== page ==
Good Morning, Friends!
I find it interesting how events in our lives converge. Two weeks ago, a close friend sent me a text instructing me to read Pope Francis’ new encyclical – Fratelli Tutti. And boy was he right, the Pope’s work was timely, but more on that later. A few days later, a Facebook friend shared a post reminding of the 1971 Coke commercial, “I like to teach the world to sing.”
With the power of the internet and YouTube, I found the commercial and watched it several times. After so many years, re-watching this commercial brought back my original emotions of brotherhood/sisterhood, community, friendship, and peace. Oh, how I long for a world filled with people singing on a hillside holding a bottle of Coke.
This commercial was released in 1971 and was the most expensive commercial ever made – coming in at a whopping $250,000. However, its creation was hardly intentional, but like a series of happy accidents. Bill Backer was McCann Erickson’s creative director working on the Coca-Cola account.
Bill was en route to London to create a series of radio commercials with his team, but his plane landed in Ireland because of severe weather conditions. Backer soon found himself surrounded by the frustrated and angry passengers from the diverted flight. The conditions did not improve, and he spent the night in Shannon.
The next morning, Bill noticed that some of the passengers’ demeanor changed. They appeared happier and hopeful. Then he saw several groups laughing at their misfortunes while drinking Coca-Cola straight from the bottle. Inspired, he begun to write the lyrics to the now-infamous commercial.
Bill was looking to create connection between the consumer and the product. “I always imagined that I was talking directly to the public,” Backer said. “I always imagined that I was sitting and talking to you directly.”
Like Bill Backer, Intentional Leaders cultivate connection. They work at bringing people together, building relationships, and providing that guiding light. So, let’s have a Coke and a smile!
As I mentioned earlier, a friend recommended that I checked out Pope Francis’ newest encyclical – Fratelli Tutti. Throughout eight chapters and 45,000 words, Pope Francis encourages the reader to embrace “a new vision of fraternity and social friendship that will not remain at the level of words.” While I encourage all to read the full encyclical, what follows is a quote from Fratelli Tutti that will help give you a sense of the encyclical spirit.
“The recent pandemic enabled us to recognize and appreciate once more all those around us who, in the midst of fear, responded by putting their lives on the line. We began to realize that our lives are interwoven with and sustained by ordinary people valiantly shaping the decisive events of our shared history: doctors, nurses, pharmacists, storekeepers, and supermarket workers, cleaning personnel, caretakers, transport workers, men and women working to provide essential services and public safety, volunteers, priests and religious… They understood that no one is saved alone.” (No. 54)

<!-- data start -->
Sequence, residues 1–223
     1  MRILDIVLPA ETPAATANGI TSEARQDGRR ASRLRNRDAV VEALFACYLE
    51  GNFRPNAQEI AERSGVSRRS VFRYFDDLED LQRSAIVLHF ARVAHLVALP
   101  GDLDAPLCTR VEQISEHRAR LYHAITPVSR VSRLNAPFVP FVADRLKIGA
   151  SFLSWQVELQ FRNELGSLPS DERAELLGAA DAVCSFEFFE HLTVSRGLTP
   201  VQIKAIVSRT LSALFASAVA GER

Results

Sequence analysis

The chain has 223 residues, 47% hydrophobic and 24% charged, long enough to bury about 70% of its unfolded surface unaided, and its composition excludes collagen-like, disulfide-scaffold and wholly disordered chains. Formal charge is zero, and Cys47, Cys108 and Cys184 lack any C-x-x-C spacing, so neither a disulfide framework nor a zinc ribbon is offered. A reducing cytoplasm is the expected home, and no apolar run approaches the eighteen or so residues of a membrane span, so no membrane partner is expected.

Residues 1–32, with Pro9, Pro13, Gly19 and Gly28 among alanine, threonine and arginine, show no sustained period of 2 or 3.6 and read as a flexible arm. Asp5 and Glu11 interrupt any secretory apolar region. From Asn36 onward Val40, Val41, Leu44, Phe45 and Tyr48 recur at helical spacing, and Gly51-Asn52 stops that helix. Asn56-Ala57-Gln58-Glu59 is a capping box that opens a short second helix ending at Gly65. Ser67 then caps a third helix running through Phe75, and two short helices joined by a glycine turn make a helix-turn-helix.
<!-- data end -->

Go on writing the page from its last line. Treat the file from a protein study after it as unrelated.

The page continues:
I began my journey into mindfulness at the age of 16. During my first Judo class, our instructor led us through a 10-minute mediation exercise. I could not sit still; my mind was racing, and I kept opening my eyes to see what everyone was doing.
Over the years, I learned to embrace the silence, quiet the mind, and be more present and be in the moment. I am still a beginner and student. I have implemented a daily meditative, reflective practice. This has allowed me to grow as a leader and, more importantly, as a human.
Please allow me to share an exciting interview between Anderson Cooper and renowned mindfulness teacher Jon Kabat-Zinn on the opportunities and challenges of mindfulness in our current society. Click here to watch!
No Man Is an Island
“No man is an island entire of itself; every man
is a piece of the continent, a part of the main;” ~ John Donne
The quote above is the opening lines to the John Donne poem, “No Man Is An Island.” I am fascinated with the concept of interconnectedness that is so aptly conveyed in this work. His comparison of people’s interactions, their importance, and their effect on society to an island is nothing short of brilliant. Click here to watch Helen Mirren’s’ phenomenal reading of this poem.
Leadership and Ego
I have been researching the human ego and its impact on leaders and leadership. An unmanaged and unbalance ego is one of the symptoms of Ghost Mode, which is the polar opposite of Intentional Leadership.
Ghost Mode is a disconnected state of being that presents four distinct symptoms: lack of presence, lack of trust, unhealthy ego, and disconnection. Here is an excellent Psychology Today article, “How Narcissism and Leadership Go Hand-in-Hand: Narcissists are great at becoming leaders, but they aren’t always effective” that explores the impact of an unhealthy ego.